edit: renamed functions for domain
« Last Edit: February 10, 2013, 09:10:15 am by johncc » Logged

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Thanks guys!

I worked your code into mine Johncc, and it is telling me
Code:
barbotV18:40: error: variable or field 'checkglass' declared void
barbotV18:40: error: 'drinkfunction' was not declared in this scope

How should I declare drinkfunction- what type of pointer is it?


Edit:  spelling.  Drives me nuts lol
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I worked your code into mine Johncc, and it is telling me
Code:
barbotV18:40: error: variable or field 'checkglass' declared void
barbotV18:40: error: 'drinkfunction' was not declared in this scope
How should I declare drinkfunction- what type of pointer is it?

Hmm, my code should translate directly into yours, with names of your choosing.  If you don't want to post your whole code, probably need to post at least your:

typedef
function prototype
declaration of drinkFunction
declaration of checkglass
code that calls checkglass

John
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You can certainly use a pointer to a function for this purpose, but I'm a little unsure as to why it's necessary here. I'd expect all you're really doing is specifying ingredients and amounts, so you just need to pass that data, which might well be just an index into an array of structs held in progmem. Even if there are special handling instructions like "stir" or "add ice", these can be specified in the data as flags.

Finally, if there really are drinks that do need a function to handle them, you might consider specifying them in the struct. Most of these function pointers would be null, but it would enable you to override the default handling for drinks that need something unusual. Disclaimer: I haven't done this on an Arduino so I'm not sure of the subtleties that the Harvard architecture brings here - it would likely take a bit of time figuring out with progmem directives.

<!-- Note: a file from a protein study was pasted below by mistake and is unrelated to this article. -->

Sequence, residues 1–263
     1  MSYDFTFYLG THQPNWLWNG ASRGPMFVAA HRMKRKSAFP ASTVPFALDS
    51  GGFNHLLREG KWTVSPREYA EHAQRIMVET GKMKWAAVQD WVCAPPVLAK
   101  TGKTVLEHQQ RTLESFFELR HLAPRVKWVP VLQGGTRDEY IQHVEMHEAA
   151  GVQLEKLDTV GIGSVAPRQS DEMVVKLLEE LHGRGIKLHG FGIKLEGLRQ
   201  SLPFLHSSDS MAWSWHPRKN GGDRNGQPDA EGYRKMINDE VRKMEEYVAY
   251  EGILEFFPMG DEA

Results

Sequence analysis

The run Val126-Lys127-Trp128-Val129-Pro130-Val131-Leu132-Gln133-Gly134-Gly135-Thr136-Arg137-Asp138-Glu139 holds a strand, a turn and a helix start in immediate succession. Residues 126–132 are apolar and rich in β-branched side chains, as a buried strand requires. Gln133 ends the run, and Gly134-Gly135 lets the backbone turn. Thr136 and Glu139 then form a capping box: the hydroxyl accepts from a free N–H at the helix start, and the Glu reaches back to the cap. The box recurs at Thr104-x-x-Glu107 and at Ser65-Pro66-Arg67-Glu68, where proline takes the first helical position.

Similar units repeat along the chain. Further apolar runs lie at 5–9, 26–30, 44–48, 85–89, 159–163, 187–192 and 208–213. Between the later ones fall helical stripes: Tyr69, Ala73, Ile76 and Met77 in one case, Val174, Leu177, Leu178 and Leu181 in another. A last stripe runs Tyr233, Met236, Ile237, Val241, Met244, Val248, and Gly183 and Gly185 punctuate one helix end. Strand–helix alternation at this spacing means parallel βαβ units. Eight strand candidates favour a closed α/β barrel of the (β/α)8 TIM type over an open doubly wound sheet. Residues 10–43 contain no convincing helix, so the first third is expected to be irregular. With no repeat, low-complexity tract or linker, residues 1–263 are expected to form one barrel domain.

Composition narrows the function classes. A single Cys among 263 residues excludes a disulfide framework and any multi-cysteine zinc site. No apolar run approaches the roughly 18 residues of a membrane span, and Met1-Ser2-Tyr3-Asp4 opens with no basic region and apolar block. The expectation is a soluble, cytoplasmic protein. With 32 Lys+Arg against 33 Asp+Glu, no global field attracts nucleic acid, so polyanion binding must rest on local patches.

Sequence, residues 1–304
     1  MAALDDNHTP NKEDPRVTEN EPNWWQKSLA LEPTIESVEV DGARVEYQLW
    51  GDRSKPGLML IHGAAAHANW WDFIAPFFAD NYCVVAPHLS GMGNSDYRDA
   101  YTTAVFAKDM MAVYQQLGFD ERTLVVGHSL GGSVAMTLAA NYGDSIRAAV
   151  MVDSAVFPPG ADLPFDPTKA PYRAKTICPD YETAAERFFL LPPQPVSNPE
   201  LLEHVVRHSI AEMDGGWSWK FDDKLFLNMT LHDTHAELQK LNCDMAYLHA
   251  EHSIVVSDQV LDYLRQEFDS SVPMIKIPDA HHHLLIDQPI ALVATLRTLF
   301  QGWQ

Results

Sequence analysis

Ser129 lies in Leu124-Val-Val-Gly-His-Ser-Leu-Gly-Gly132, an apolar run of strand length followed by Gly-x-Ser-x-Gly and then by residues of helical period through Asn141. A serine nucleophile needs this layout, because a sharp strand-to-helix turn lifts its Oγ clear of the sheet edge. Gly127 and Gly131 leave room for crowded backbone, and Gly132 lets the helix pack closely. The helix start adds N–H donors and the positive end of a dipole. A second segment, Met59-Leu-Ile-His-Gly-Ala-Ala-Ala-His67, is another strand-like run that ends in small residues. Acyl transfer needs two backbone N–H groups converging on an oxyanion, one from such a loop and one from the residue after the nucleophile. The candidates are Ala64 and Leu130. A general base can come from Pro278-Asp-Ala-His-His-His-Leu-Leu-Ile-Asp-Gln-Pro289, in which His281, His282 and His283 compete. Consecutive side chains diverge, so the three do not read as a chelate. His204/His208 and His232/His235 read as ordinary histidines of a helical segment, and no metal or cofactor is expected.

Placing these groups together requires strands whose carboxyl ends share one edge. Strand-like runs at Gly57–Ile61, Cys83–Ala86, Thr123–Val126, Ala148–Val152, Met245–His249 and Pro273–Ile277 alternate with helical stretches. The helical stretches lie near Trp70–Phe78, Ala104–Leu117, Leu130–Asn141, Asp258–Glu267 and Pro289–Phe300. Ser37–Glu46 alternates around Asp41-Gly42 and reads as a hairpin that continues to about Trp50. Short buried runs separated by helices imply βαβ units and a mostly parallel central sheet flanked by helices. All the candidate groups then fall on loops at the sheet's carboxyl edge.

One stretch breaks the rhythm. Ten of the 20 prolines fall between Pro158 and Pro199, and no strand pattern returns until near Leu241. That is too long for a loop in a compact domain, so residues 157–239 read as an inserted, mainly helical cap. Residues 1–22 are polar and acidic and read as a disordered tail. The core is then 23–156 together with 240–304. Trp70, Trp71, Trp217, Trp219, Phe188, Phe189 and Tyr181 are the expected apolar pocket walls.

I would use a class to represent drinks. That way, you can represent most recipes just by storing different data; but if you really do need special steps for some drinks, you can override the function that does the dispensing and mixing as well - which is neater than using function pointers.
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Code:
I would use a class to represent drinks. That way, you can represent most recipes just by storing different data; but if you really do need special steps for some drinks, you can override the function that does the dispensing and mixing as well - which is neater than using function pointers.

I did consider that, but I'm not sure how you would initialize the necessary array of classes with the drink data at compile time.
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Classes and structs are the same thing, except that the members are private in classes and public in structs until you specify otherwise. So you can initialize classes in exactly the same way as structs. Having said that:

1. It is more usual to initialise classes by calling their constructors; and

2. If you are going to make use of function overloading, then you actually need an array of pointers (or references) to objects. Here is one way of achieving that:

Code:
const Drink d1("Vodka Martini", 1, 3, ...);
const ShakenDrink d2("Vodka Martini shaken not stirred", 1, 3, ...);
const Drink d3("Screwdriver, 0, 4, ...);
const
...

const Drink *drinks[] = {&d1, &d2, &d3, ...};

I've assumed you have declared suitable constructors, and that ShakenDrink derives from drink.